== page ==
Three former Nazi soldiers found guilty of Tuscan massacre
The three ex-soldiers were sentenced in absentia to life imprisonment after the military tribunal in Rome ruled that they bore responsibility for the murder of 184 civilians, including infants, children and old people, in the village of Padule di Fucecchio in Tuscany.
They were convicted, in part, on the basis of evidence gathered by a British military policeman, Sgt Charles Edmonson, of Stoke-on-Trent, who was determined to bring the culprits to trial.
In 1945, a year after the massacre, he took dozens of statements in which survivors told him of villagers being shot by German machine gunners and of a two-year-old toddler, crying in the arms of its dead mother, being killed with a blow from a rifle butt.
"As the occupants walked out they were mown down by machine gunfire. Some who were uninjured by the first burst had the presence of mind to throw themselves on the ground. 'They continued to fire at the dead and the dying until everyone lay still," Sgt Edmonson wrote in his report....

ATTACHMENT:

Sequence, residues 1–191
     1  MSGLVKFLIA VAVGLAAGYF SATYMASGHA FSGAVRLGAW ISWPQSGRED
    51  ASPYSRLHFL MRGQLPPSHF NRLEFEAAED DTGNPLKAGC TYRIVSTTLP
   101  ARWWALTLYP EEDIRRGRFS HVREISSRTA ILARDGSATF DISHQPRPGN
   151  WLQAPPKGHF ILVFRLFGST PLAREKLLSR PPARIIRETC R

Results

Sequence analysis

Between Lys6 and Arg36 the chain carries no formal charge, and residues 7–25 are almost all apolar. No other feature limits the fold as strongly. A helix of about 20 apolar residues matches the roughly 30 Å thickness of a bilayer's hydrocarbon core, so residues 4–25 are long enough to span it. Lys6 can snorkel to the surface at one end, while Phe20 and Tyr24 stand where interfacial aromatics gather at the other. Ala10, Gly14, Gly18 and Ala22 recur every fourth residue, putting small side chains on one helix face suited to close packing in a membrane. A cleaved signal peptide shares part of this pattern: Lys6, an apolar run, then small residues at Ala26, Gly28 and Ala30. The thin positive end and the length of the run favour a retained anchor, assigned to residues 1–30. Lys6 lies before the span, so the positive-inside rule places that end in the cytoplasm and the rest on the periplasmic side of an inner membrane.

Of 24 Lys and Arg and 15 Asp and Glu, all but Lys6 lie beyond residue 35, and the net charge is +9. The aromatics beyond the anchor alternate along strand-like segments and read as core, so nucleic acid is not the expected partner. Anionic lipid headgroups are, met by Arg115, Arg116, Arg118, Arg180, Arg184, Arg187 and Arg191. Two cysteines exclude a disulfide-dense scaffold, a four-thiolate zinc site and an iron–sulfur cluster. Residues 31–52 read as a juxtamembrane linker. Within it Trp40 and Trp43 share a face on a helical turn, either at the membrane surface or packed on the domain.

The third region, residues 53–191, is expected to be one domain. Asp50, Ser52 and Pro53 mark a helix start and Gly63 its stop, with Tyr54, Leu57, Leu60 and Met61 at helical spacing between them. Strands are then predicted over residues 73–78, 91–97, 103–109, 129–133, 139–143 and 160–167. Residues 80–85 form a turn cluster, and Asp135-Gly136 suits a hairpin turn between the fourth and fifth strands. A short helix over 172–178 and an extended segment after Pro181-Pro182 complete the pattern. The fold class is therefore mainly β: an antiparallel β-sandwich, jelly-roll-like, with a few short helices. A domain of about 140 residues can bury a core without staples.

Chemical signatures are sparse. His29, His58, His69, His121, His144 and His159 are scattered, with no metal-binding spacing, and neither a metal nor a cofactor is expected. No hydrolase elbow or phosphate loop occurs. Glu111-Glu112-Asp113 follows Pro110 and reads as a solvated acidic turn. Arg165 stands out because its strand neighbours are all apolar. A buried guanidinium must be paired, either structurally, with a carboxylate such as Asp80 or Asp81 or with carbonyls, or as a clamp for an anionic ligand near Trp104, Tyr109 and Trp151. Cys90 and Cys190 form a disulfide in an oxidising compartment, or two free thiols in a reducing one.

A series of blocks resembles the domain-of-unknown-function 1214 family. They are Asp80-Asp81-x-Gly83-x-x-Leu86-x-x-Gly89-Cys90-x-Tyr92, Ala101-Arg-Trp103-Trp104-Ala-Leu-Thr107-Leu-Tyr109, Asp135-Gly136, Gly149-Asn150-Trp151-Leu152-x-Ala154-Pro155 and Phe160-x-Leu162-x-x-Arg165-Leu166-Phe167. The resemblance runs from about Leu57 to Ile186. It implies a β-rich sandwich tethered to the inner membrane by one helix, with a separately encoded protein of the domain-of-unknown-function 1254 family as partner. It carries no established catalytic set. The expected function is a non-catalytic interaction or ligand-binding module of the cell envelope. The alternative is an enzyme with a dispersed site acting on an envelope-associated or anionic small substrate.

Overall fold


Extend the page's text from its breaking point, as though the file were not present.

comments powered by Disqus
- Coming Soon, a Century Late: A Black Film Gem
- The discovery that complicated the history of sex change operations
- NYT identifies the person who exposed Gary Hart's philandering
- Decades After Trinity Nuclear Test in New Mexico, U.S. Studies Cancer Fallout
- Lawrence Of Arabia's Hand-Drawn, WWI Map Is Up for Auction
- Ken Burns and the Myth of Theodore Roosevelt
- What Ken Burns Doesn't Understand about the Roosevelts
- A call for historians to do macro history
- Colorado school board, worried about the new AP framework, wants to make sure high school kids are taught patriotic history
- Professor premieres animated short on Pueblo revolt on PBS